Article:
It was only a matter of time before Philip Seymour Hoffman decided to direct. He’s gained enough credibility in the business to warrant giving him a chance. But it is slightly shocking that he chose to make his debut with a romantic comedy. Did anyone else see that coming? His film, Jack Goes Boating is an adaptation of a play by the same name. Hoffman actually played Jack in the off-Broadway production. He brought along two of his stage co-stars as well, and got Amy Ryan to play his leading lady. Not too shabby for his first cast.
The story, yes, is a romantic comedy, but not the kind you’re thinking. It is, of course, centered around Jack. He’s a quiet, mostly unremarkable man, with few friends, and even less family. The two friends he does have are Clyde (John Ortiz), and Lucy (Daphne Rubin-Vega). They’re good friends to him, and seem to have it together. They match him up with another slightly odd acquaintance of theirs, Connie (Amy Ryan). The two start a strange romance that buds quiet nicely, while at the same time, Lucy and Clyde’s marriage is deteriorating as truths come out about infidelities and betrayals of trust.
The play is written by Bob Glaudini, and was adapted for the screen by him as well. It’s full of witty and fresh dialog and fantastic scenes. It’s an optimistic view on the joys of loving and being loved, despite all kinds of obstacles. It should come as no surprise that something this sturdy comes from Hoffman, who literally gets lost in his character. There’s not much Hoffman does that’s less than superb. While it seems, in the beginning, that the film was going to take a turn closer to the tone of Welcome to the Dollhouse, Hoffman manages to keep this story hopeful, and bright.
His direction style is confidant, and well-toned. Of course, the best part of his cast happens to be himself. At least for now, Hoffman the actor shines far brighter than Hoffman the director. The world was introduced to Ryan’s comedy during her short stint as Holly on The Office. You’ll be pleased to know that she’s just as funny here, and makes personal manias endearing, and even sexy. In one of the film’s most charming moments, she gently explains to Jack her meager expectations for their first time making love. It instantly reminds of a similar scene between Adam Sandler and Emily Watson in Punch-Drunk Love. I don’t think it’s too high of praise to compare Jack to the P.T. Anderson film. The optimism found here is refreshing, without sacrificing a charismatic, and intriguing plot.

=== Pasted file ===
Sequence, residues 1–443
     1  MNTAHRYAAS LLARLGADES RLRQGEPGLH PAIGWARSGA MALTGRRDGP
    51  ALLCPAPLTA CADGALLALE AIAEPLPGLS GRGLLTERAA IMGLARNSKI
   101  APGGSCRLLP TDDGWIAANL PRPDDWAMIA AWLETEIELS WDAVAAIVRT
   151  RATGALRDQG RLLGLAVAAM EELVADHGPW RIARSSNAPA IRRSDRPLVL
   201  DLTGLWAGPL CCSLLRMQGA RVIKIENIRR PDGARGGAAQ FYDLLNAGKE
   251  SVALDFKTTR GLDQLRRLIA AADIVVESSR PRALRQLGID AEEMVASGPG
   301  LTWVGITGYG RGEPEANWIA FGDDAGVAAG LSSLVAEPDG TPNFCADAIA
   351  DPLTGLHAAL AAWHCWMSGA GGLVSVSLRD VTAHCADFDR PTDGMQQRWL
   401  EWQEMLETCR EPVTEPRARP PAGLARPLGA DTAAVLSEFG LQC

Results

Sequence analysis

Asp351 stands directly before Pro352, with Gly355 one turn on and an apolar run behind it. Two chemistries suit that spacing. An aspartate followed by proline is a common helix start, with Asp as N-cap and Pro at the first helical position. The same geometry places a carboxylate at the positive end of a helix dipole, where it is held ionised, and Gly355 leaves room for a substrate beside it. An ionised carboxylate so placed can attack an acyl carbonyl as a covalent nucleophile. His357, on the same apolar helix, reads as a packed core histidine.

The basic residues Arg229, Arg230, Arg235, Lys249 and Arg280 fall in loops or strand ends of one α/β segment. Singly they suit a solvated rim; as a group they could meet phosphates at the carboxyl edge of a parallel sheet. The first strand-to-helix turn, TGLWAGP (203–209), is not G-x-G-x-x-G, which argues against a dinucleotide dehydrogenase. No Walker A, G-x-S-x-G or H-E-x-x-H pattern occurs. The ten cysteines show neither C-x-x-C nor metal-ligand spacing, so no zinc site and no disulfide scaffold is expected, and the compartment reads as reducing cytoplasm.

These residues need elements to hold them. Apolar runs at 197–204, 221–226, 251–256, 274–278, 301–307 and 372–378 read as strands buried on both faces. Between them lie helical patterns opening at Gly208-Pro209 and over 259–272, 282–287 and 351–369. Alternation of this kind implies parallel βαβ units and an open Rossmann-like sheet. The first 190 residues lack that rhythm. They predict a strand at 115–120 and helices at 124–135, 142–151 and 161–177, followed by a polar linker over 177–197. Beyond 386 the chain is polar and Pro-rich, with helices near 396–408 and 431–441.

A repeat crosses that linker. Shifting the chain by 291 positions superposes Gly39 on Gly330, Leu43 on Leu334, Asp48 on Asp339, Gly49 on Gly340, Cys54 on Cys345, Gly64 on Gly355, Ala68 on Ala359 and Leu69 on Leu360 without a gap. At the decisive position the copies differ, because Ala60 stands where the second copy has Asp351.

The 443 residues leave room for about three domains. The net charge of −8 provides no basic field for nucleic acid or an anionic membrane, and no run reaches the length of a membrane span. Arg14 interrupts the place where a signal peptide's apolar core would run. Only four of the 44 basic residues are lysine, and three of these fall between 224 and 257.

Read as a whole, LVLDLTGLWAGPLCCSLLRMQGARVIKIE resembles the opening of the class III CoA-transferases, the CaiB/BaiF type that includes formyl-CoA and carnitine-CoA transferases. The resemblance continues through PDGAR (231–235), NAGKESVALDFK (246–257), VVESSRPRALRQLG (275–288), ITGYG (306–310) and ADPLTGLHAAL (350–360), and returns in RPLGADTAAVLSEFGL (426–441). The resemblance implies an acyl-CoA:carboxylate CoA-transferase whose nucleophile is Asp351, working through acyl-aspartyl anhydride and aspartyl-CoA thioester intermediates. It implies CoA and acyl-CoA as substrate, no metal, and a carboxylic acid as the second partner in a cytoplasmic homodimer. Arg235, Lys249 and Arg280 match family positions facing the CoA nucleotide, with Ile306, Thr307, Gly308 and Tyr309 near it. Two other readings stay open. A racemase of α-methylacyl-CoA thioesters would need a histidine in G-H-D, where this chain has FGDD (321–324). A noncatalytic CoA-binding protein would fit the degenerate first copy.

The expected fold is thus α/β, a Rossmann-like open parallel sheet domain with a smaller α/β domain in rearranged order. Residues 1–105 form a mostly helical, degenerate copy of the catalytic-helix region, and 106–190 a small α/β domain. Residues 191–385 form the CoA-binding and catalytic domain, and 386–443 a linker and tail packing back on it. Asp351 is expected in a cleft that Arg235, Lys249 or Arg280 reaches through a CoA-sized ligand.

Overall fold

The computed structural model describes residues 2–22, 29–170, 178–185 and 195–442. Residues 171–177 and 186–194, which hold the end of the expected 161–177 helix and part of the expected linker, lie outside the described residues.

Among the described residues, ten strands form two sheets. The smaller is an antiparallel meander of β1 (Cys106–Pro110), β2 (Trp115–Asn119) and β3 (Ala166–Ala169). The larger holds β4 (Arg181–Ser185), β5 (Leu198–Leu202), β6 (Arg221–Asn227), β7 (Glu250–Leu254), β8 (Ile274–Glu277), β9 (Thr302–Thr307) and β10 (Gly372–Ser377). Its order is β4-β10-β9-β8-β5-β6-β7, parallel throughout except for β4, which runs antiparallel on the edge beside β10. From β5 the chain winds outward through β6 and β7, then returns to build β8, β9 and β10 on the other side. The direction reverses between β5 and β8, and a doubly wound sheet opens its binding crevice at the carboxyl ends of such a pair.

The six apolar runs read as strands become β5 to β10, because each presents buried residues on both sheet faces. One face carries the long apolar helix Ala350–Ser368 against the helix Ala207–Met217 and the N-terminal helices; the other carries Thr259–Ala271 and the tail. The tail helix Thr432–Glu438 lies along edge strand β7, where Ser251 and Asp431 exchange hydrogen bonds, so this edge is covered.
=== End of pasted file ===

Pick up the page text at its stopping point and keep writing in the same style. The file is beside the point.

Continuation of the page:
The Blu-Ray is a bit light when it comes to extra features. The obligatory deleted scenes are present, of course. However, they’re not greatly interesting, and they don’t shed any new light on the film’s characters. We must assume, since they film only runs a trim ninety one minutes, these scenes weren’t cut for time, but cut because they are useless.
There are two short featurettes, one titled ‘Jack’s New York’, where cast and crew discuss shooting in New York in an authentic way. The other titled ‘From The Stage To The Big Screen’, which features light interviews with Hoffman and Glaudini covering the main differences between the two scripts. While there are some pearls of insight in both of these endeavors, I would have appreciated a more in depth discussion of the film, and its characters. Besides a few trailers for upcoming films thrown in for good measure, this is all the Blu-Ray offers up in the vein of special features.
W. Mott Hupfel’s gorgeous cinematography is well served by the clarity of the Blu-Ray. However, the interpersonal nature of the majority of the film’s scenes doesn’t necessarily benefit from higher definition all that much. This also applies to the audio aspects of the movie, dialog makes up the majority of all audio, with the background noises of the city sprinkled in behind.
While Jack Goes Boating leaves a bit to be desired, there are some great aspects to consider. It’s almost impossible to resist the on screen charms of this cast, and while still a rookie director, it’s interesting to see what Hoffman does behind the camera. Which makes the extras available on the Blu-Ray, while a little unsatisfying themselves, all the more intriguing. Jack Goes Boating is a smarter than average, and charming film worth taking a look at.
Hoffman provides solid direction for a first time outing, despite a few missteps and the tremendous cast is accompanied by a poignant script.